If you could see her abandonment, his feral wildness—how they snarl at the traps that snapped them in two and have them bound—you would see that they may die from it. You would see that one person in her life would make a difference, two would be able to bear his litter to the place where angels stir the healing waters, and three would be wise men bearing healing salves and the most subtle spices to return flavor and beauty to her life.

I wish you could look past our bared teeth and growls with eyes of faith, love, and unreasoning hope, envisioning what might happen if we were fed, and gentled, and loved day by day until we could relax, even play again.  I wish you would see that every animal deserves a second chance.

Stray Pup


I am not a mechanism, an assembly of various sections.

And it is not because the mechanism is working wrongly, that I am ill.

I am ill because of wounds to the soul, to the deep emotional self

and the wounds to the soul take a long, long time,

only time can help

and patience,

and a certain difficult repentance . . .

— D. H. Lawrence, “Healing.” The Complete Poems of D. H. Lawrence.

Patricia: Part 6

Liz thoughtfully sipped her tea and thought about the progress her client, Patricia, had made over the past few months. Before getting to know Patricia, she would probably never have believed that she would find in her such a willing and able client. Patricia’s gutsiness and her agile mind combined to make her very determined, indeed. Still, several of her characteristics as a client were troubling, and tempered Liz’s admiration for Patricia with a more sober underlying assessment.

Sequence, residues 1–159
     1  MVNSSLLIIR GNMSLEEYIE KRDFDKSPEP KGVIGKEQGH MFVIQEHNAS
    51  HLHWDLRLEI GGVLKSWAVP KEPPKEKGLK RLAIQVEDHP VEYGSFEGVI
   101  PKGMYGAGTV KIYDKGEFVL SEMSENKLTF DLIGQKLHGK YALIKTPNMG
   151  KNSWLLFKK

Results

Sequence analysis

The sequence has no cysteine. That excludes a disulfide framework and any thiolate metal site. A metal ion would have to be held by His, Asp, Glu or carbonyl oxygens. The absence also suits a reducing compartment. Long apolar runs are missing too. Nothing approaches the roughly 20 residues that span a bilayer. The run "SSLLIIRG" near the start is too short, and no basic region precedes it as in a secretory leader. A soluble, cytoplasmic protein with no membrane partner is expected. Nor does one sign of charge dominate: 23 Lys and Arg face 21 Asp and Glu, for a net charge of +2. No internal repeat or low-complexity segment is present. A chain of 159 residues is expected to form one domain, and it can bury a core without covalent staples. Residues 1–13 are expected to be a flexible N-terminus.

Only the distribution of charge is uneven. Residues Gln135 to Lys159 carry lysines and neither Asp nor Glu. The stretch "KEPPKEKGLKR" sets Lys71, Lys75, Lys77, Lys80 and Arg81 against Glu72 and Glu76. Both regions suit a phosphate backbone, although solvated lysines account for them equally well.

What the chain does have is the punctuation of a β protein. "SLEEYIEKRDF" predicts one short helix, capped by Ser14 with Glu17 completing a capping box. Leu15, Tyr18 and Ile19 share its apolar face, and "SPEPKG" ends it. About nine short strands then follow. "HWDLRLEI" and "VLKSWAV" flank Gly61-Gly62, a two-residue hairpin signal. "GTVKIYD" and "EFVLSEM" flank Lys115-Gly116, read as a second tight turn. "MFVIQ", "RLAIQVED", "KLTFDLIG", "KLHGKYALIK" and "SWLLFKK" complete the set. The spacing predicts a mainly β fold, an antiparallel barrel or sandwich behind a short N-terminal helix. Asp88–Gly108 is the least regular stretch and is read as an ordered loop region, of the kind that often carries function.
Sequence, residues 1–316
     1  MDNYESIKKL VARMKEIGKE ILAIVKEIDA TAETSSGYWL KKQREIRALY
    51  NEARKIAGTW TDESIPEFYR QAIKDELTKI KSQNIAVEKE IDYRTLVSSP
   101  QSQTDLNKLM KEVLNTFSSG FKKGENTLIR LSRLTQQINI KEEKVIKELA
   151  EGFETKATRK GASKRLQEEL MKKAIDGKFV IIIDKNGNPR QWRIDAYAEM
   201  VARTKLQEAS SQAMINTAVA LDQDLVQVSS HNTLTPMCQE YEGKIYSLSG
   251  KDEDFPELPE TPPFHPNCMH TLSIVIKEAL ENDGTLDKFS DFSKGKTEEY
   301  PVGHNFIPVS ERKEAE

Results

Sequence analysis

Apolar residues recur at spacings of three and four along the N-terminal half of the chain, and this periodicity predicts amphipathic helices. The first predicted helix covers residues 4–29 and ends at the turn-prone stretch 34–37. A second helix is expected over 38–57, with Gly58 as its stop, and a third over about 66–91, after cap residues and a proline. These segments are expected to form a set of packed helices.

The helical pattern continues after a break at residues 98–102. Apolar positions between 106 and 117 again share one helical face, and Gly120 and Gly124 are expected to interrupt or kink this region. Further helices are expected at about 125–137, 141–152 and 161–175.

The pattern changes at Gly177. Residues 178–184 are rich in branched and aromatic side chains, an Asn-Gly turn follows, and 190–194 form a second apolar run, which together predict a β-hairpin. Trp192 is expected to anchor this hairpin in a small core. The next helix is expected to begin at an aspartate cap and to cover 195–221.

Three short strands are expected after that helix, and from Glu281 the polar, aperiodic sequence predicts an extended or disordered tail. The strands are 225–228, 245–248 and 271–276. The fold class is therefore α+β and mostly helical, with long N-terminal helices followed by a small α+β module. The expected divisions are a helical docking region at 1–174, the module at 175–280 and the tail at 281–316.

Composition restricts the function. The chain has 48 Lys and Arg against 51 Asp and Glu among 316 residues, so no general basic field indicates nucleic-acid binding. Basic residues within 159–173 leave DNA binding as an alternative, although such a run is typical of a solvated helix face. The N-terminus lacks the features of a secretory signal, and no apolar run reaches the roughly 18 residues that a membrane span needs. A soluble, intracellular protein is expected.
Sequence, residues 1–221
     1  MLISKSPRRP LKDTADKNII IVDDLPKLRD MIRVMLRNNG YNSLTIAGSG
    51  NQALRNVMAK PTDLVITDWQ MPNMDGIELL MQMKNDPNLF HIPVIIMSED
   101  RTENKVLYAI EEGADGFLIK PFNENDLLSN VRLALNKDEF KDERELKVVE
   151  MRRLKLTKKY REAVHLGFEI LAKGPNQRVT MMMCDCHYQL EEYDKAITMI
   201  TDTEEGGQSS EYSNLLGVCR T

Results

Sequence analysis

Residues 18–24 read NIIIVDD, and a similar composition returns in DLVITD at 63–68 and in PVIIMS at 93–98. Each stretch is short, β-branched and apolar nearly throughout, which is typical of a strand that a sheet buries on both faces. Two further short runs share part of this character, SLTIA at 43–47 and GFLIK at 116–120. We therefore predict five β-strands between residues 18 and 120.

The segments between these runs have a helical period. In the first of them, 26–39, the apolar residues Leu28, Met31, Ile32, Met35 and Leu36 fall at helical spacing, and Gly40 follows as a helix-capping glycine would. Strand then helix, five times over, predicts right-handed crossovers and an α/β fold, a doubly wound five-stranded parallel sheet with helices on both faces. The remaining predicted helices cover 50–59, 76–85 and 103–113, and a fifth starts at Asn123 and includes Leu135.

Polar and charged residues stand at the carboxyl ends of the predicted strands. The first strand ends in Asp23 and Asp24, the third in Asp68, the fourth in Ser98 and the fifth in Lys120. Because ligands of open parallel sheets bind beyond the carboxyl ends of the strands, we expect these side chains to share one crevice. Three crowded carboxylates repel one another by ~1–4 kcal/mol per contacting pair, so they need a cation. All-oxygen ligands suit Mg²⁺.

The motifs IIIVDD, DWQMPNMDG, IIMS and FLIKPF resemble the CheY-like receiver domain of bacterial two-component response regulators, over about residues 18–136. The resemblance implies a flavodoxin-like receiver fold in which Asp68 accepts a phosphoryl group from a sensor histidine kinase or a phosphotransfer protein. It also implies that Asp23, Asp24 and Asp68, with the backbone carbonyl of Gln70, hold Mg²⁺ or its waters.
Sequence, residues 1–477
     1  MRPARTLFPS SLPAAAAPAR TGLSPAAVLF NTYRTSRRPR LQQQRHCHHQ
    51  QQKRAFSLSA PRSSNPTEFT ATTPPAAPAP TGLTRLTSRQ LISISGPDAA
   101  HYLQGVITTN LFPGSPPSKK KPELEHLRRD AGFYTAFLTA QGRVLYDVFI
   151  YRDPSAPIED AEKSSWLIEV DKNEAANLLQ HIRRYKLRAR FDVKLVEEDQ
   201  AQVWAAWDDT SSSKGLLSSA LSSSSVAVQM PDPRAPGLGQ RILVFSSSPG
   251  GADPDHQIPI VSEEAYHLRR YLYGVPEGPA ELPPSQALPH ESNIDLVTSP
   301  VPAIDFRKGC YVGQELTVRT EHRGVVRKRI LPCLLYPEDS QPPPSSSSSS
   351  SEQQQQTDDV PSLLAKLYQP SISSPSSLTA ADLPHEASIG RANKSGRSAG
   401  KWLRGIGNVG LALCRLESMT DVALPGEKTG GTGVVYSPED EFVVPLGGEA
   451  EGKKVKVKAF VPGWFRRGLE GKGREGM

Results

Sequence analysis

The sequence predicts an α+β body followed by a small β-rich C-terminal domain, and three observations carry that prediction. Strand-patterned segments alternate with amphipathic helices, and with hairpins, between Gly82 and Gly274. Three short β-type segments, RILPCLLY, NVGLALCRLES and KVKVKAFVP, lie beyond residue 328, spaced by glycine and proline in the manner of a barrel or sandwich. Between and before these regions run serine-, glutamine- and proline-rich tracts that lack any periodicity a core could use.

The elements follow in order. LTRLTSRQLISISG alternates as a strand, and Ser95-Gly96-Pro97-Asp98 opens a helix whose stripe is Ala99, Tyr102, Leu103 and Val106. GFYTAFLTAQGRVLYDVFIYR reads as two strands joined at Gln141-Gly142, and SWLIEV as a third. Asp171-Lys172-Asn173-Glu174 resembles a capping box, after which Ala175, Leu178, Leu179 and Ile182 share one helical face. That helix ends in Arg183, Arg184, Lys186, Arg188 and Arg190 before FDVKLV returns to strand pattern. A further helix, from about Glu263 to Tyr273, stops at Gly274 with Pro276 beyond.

Patricia was as avoidant as she was determined, which combined to retard her progress and make it doubtful that she would complete therapy. Their closeness as partners in therapy seemd at times to make Patricia giddy, and when too much progress occurred, Liz could be sure that Patricia would later cancel appointments, bounce a check, or have some crisis that would delay one or more sessions.

And just in case a crisis or missed appointment wasn’t in order, Patricia made sure she was busy all the time. Though now nearing the end of her pregancy, her life was full of endless errands, projects, work-related tasks, parenting, and other activity that left her little time (if any) to reflect or to work on issues that had been raised in therapy. As a result of her compulsively busy lifestyle, Liz knew that it was unlikely that Patricia would make much progress at really reversing the destructive habits built during her crippled childhood.

“She’s still an orphan at heart,” Liz mused to herself, “a lost girl who never got what she needed–and is still paying for it–and perpetuating it.” If only Patricia would make healing her priority! Liz grinned wryly and said out loud, “Liz, now you sound like a therapist!”

Liz looked at her watch again and realized that Patricia was already 10 minutes late. She walked out of her office and asked the receptionist, Ashley, if there had been any calls. “No calls, Dr. Evans,” Ashley replied. “And no cancellations of any kind.”

Liz frowned. Not again. Patricia made time for what she wanted to do, whether it was PTA meetings or watching American Idol with friends. It was becoming increasingly clear that their therapeutic relationship wasn’t a priority, maybe because Patricia had received just enough help to begin to feel better about herself and her ability to give her children a better life than the one she’d had. After all, Patricia wasn’t an alcoholic and didn’t keep addicts and alcoholics in her life; that made her a better parent than the ones she’d had.